Psychological Thriller

All posts tagged Psychological Thriller

The Redeeming Review


The synopsis for The Redeeming states; ‘A disturbed single mother confronts a mysterious stranger and the echoes of her past to protect her home.’

Vague, ominous and yearning for more. The movie centres around Joyce (Tracey Ann Wood) who lives alone in a secluded country house. From the outset we’re given a glimpse into the woman’s tentative psyche, which is only exacerbated with the introduction of John (Ryan Wichert) The young man has apparently injured his arm and seeks refuge in her home. Joyce obliges and not only lets the man in, but tends to his wounds as well. As the movie progresses it becomes apparent that not all is as it seems. The pair, despite apparently not knowing each other, seem to share a dark bond.

The Redeeming


As far as psychological thrillers go, director Brian Barnes does a great job of building suspense and keeping us on our toes. Personally, I thought from the outset that it was going to be a straightforward, cliche-ridden plot, but as the movie progressed I realised how wrong I was. The movie keeps you guessing throughout, with both characters portraying a secretive, almost sinister side at times. Think Misery with a paranormal twist and you’ll be close to the plot.

The Redeeming

The Redeeming was made with a considerably low budget, yet Barnes managed to overcome this through great casting and good cinematography. The only thing lacking for me was the intensity. There seemed to be a slight reluctance from both parties to be physically assertive when the time came. Whether this was down to the low budget and the subsequent “don’t damage my house” rule, or just an oversight in general, it was the only negative I could really find. However, with a convincing portrayal of diminishing mental health, a decent rapport between the pair, and a satisfying ending, the movie more than makes up for this.

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Review By Daniel Kraevyn

Gut – 2012 (Director: Elias)

Starring – Jason Vail, Nicholas Wilder, Sarah Schoofs


Gut is a film that delves into the evolution of obsession, and the permutations that occur with the individual. What one finds perverse can quickly become an object of indefinable addiction, having the person revulsed, yet compelled to continue their degenerate habits. What one finds repulsive, another may find alluring, and of course, human nature compels us to watch these things, often in spite of our emotions of disgust.

It is the tale of Tom, an average family man; he has his home, his wife, daughter, a steady job, and a longtime friend, Dan, who shares an office with him. But Tom wants to move away, to get a change of scenery for his family, to flee the banality that he feels his life has become inundated with. Tom’s friend, Dan, is feeling his joy wane, and wants to rekindle the friendship he and Tom once shared. It is this desire that drives Dan to ask Tom over to watch a movie… one that he assures Tom will be well worth the time. The film: a home-made video showing a bound woman, and her eventual murder. The biggest question, was the killing real?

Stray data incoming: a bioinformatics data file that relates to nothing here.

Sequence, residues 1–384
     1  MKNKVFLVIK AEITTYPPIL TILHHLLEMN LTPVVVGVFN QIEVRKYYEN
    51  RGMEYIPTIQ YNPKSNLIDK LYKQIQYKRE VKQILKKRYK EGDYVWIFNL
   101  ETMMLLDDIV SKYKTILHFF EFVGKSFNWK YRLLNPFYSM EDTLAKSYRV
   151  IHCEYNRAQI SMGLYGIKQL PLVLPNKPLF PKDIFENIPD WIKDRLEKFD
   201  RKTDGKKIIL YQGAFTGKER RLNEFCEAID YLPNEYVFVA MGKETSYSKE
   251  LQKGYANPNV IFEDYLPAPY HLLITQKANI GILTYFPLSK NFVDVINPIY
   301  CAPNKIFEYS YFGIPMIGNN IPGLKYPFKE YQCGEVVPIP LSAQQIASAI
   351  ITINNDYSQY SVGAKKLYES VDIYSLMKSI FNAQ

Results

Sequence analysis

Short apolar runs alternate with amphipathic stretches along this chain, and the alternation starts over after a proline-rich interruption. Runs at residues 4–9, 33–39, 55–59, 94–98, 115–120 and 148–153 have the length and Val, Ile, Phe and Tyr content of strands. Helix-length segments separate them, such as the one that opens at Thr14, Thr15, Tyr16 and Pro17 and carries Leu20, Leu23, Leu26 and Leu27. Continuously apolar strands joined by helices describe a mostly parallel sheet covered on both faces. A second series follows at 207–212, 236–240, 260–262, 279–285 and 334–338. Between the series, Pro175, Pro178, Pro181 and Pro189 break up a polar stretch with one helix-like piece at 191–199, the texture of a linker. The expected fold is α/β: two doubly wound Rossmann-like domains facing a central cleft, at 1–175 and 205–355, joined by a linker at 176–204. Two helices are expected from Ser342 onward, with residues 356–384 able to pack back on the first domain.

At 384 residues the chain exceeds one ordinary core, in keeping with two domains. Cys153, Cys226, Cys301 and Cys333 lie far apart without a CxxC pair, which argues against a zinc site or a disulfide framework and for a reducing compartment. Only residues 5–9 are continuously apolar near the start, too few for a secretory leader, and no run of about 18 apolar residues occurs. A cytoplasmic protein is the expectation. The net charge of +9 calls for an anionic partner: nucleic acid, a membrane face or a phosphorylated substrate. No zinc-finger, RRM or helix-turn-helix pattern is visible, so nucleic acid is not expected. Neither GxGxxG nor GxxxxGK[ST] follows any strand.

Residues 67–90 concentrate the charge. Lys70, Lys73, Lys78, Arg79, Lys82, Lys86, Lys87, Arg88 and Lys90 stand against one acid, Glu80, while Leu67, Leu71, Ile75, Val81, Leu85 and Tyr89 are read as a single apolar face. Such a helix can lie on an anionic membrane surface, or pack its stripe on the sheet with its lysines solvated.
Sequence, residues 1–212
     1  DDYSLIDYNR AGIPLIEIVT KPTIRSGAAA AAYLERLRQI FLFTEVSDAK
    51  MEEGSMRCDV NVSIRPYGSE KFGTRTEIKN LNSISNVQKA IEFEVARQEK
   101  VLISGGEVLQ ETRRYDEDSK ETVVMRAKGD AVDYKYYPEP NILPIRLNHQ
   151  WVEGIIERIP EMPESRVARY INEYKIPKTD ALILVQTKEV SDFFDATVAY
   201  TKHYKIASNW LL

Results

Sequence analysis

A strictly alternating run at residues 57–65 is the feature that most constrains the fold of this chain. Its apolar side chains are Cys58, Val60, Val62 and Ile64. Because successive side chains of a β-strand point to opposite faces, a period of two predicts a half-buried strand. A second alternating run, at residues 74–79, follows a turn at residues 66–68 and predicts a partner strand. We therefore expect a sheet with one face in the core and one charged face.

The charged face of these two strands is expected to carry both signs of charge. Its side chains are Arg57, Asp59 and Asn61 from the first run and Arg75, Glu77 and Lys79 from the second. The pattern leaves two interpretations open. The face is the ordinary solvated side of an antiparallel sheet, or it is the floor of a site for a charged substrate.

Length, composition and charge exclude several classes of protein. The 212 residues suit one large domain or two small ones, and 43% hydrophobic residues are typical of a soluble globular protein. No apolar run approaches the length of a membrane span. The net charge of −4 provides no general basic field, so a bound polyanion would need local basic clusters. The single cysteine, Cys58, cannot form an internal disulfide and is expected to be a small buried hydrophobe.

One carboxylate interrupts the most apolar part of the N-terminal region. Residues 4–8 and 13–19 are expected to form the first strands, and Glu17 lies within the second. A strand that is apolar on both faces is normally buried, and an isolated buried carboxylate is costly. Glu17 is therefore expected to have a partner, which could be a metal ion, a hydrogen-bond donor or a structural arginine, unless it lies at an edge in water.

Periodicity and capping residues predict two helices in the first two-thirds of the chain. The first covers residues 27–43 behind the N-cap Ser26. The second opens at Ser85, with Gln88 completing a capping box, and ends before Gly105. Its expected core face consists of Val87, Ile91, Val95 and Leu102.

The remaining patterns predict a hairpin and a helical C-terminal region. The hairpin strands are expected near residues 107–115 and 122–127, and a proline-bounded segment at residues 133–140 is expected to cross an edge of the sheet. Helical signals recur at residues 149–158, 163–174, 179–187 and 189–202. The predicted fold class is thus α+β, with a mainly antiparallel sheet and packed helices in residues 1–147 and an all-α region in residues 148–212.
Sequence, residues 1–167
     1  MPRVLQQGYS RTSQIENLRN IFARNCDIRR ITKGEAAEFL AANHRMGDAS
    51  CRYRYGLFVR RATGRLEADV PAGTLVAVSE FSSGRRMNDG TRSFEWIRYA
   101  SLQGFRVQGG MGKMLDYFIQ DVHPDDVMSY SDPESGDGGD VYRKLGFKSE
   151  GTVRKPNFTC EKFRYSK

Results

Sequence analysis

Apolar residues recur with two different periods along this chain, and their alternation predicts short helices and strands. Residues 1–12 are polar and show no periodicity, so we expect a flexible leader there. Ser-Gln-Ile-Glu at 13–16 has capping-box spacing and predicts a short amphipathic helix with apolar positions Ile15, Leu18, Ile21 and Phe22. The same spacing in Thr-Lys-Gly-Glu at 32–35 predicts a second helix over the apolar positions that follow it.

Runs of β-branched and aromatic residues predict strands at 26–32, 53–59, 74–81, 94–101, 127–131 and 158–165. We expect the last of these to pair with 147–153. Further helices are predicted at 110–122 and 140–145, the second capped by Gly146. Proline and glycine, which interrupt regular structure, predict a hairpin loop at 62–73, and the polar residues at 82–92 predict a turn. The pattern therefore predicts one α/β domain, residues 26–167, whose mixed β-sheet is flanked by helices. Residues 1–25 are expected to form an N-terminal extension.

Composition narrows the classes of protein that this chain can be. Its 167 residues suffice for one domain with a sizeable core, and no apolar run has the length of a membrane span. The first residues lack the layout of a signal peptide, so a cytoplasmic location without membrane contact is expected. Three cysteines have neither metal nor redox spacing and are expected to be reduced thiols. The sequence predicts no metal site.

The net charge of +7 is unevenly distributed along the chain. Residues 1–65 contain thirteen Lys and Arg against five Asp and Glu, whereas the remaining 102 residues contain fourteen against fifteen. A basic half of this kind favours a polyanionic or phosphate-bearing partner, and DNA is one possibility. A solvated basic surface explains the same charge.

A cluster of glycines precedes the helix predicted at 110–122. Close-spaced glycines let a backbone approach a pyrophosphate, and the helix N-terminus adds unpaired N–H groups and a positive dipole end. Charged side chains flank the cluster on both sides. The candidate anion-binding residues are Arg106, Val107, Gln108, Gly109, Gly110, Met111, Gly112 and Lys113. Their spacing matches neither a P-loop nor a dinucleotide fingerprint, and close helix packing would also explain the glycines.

Henceforth, the film takes you on a journey, through Tom’s perspective, as at first being repulsed by what he has seen, yet becoming an obsession, as it starts to affect his relationships with both his wife and daughter, as well as with his friend, Dan.

The quality of the film was surprising, and I must say that for the most part, the acting was believable, both in the casual relationship between Tom and Dan, but executed very well showing the realtionship between Tom, his wife, and their little girl. Note, this film is quite erotic, playing again with the fine line between sexuality and base perversity.

Unfortunately, the pacing of the film is perhaps the biggest detriment. What could have been compressed into a 30 – 45 minute short film felt to me like something that was stretched to fill in an obligatory “feature film” time allotment. The opening of the film shows us one thing, then it takes quite some time for the plot to actually progress to the titular moment: the video, and it’s nefarious affects on the psyches of our protagonist. Once that occurs, the pacing then slows again, until ultimately the finale… which was again a little disheartening to me as it seemed to take too long to actually bring all the conflict to a climax. Once the climax hits, though, the film took on a much darker tone, giving better depth and horror to the plot. Yet, I hearken back to my complaint, that you have to sit through most of the movie to enjoy this finale, and many viewers may not be willing to invest the time.

Bottom line, this movie is another take on the whole sadism and torture porn theme, while managing to stay original in it’s concept and delivery. If you like the more humanistic (read: no supernatural elements) horror films that display voyeuristic depravity, that explore the perverse limits of human nature, then I can recommend it; although I have seen better, the good thing is, I have seen a lot worse, too.